Out of the mouths of politicians ...
By Ann McFeatters Pols say the darndest things! We have culled from the masses of malapropisms, silly statements, dumb observations, and sadly few words of wisdom from our national leaders in 2014. Hope it gives you a better idea of what goes on in D.C.
By Ann McFeatters
Pols say the darndest things!
We have culled from the masses of malapropisms, silly statements, dumb observations, and sadly few words of wisdom from our national leaders in 2014. Hope it gives you a better idea of what goes on in D.C.
Republican House Speaker John Boehner says he has a tough job that involves many roles. He told Jay Leno, "Some members, I have to be the big brother figure. Some, I have to be the father figure. Others, I have to be the dean of students or the principal. Some of them, I have to be the Gestapo."
Musing on future ambitions, he added, "I like to play golf. I like to cut my own grass. You know, I do drink red wine. I smoke cigarettes. And I'm not giving that up to be president of the United States."
Speaking of Boehner, President Obama said at a dinner in 2014 that House Republicans were giving the speaker an even harder time than they gave him, "which means orange really is the new black," referring to Boehner's famous orange tan.
It's hard to beat Obama's 2011 comment in Cincinnati as he extolled the virtues of the U.S., "We're the country that built the intercontinental railroad," or his boast that he had been in 57 states and still had one to go. Or his campaign declaration, "We worship an awesome God in the blue states, and we don't like federal agents poking around our libraries in the red states. We coach Little League in the blue states and have gay friends in the red states."
In 2014, in New York, paying homage to the great soul singer Aretha Franklin, Obama mentioned her most famous song, calling it, "R-S-P-E-C-T."
While not a Washingtonian, Thomas Menino, who died in October after being Boston's mayor for 21 years, spent days hanging around the Capitol. He was overheard saying of another politician, "He was a man of great statue."
Sen. Rand Paul (R., Ky.), who wants to be elected president in 2016, spoke about the tragic case of the New Yorker killed in a police choke hold for selling loose cigarettes on the street. Paul said on MSNBC that he was horrified but added, "I think there's something bigger than just the individual circumstances. ... I think it's also important to know that some politicians put a tax of $5.85 on a pack of cigarettes, so they've driven cigarettes underground by making them so expensive."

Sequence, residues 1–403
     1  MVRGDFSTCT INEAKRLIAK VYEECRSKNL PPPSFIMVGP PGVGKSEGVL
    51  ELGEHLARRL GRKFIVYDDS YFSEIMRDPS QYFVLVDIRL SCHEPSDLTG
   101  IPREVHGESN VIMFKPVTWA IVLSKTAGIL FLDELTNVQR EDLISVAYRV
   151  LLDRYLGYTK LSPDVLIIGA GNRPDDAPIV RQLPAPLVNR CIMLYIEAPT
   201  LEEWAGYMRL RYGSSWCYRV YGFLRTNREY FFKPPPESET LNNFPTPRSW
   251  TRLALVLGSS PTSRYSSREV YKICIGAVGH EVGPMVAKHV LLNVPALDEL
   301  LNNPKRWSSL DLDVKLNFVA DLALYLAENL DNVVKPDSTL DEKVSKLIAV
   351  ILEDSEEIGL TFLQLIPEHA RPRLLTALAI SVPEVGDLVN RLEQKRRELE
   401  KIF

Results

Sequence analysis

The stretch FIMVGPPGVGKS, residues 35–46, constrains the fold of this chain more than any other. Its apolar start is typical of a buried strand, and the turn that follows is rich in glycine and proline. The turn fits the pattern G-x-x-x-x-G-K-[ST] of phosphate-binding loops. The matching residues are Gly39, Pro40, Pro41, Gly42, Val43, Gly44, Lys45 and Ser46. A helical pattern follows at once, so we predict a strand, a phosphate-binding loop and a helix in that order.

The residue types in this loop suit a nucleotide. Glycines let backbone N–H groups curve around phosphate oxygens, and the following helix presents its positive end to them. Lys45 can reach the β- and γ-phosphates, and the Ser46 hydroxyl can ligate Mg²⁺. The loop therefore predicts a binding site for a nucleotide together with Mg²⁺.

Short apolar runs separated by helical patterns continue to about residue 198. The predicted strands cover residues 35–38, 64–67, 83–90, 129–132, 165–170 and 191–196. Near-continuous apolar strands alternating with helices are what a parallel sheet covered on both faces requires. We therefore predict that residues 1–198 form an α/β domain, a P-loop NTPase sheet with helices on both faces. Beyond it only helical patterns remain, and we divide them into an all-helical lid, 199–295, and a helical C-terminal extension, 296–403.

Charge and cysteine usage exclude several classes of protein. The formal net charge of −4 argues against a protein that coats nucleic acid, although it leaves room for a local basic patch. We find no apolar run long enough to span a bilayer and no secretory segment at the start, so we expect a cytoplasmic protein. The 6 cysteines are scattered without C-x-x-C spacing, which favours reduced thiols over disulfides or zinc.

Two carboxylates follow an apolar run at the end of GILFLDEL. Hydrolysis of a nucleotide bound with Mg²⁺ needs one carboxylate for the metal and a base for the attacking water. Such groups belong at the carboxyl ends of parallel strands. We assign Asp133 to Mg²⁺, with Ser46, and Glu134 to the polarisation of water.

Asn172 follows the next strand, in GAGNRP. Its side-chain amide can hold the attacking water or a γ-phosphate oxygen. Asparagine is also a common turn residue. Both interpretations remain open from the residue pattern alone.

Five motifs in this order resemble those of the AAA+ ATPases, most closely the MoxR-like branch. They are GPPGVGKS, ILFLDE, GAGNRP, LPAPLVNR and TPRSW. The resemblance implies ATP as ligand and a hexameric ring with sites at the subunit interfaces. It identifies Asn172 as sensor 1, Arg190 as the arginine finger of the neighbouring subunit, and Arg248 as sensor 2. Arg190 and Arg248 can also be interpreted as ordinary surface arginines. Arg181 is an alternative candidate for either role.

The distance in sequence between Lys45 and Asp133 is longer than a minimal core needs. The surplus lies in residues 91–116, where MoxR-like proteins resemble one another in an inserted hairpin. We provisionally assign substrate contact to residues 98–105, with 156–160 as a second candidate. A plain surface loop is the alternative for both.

(Paul, a graduate of the Duke University School of Medicine and an ophthalmologist, should know about cancer and cigarette taxes.)
Hillary Clinton, who wants to be elected president in 2016, said, "When you're a woman, you know you're being judged constantly. I mean, it is just never-ending. And you get a little worried about, OK, you know, people over on this side are loving what I'm wearing, looking like, saying. And people over on this side aren't. Your natural tendency is, how do you bring people together so you can better communicate? I'm done with that. I mean, I'm just done."
Sen. Ted Cruz (R., Texas), who wants to be elected president in 2016, campaigned furiously to help Republicans take control of the Senate. He said of his party, "We stand for life. We stand for marriage. We stand for Israel. We repeal Common Core." That is a reference to educational standards passed by individual states, not the federal government. He also pledged a 56th vote to repeal Obamacare. (It won't be repealed because Republicans lack the votes to override an Obama veto.)
New Jersey's Gov. Christie, who wants to be elected president in 2016, was confronted by a man holding a sign protesting that hundreds of Superstorm Sandy victims still had not received aid.
Christie told the man, "Guy, somebody like you doesn't know a damn thing about what you're talking about except to stand up and show off when the cameras are here." He told the protester to "sit down and shut up." (Two years after the storm, only $802 million of the $3.26 billion the federal government has provided to New Jersey has been paid out to homeless residents, leaving thousands without help.)
Sen. Harry Reid (D., Nev.), never known for his charisma and just deposed as Senate majority leader, was recalling being visited by Brad Pitt. As they posed for photographers, Reid asked, "How will they tell us apart?"
So many pols; so little time.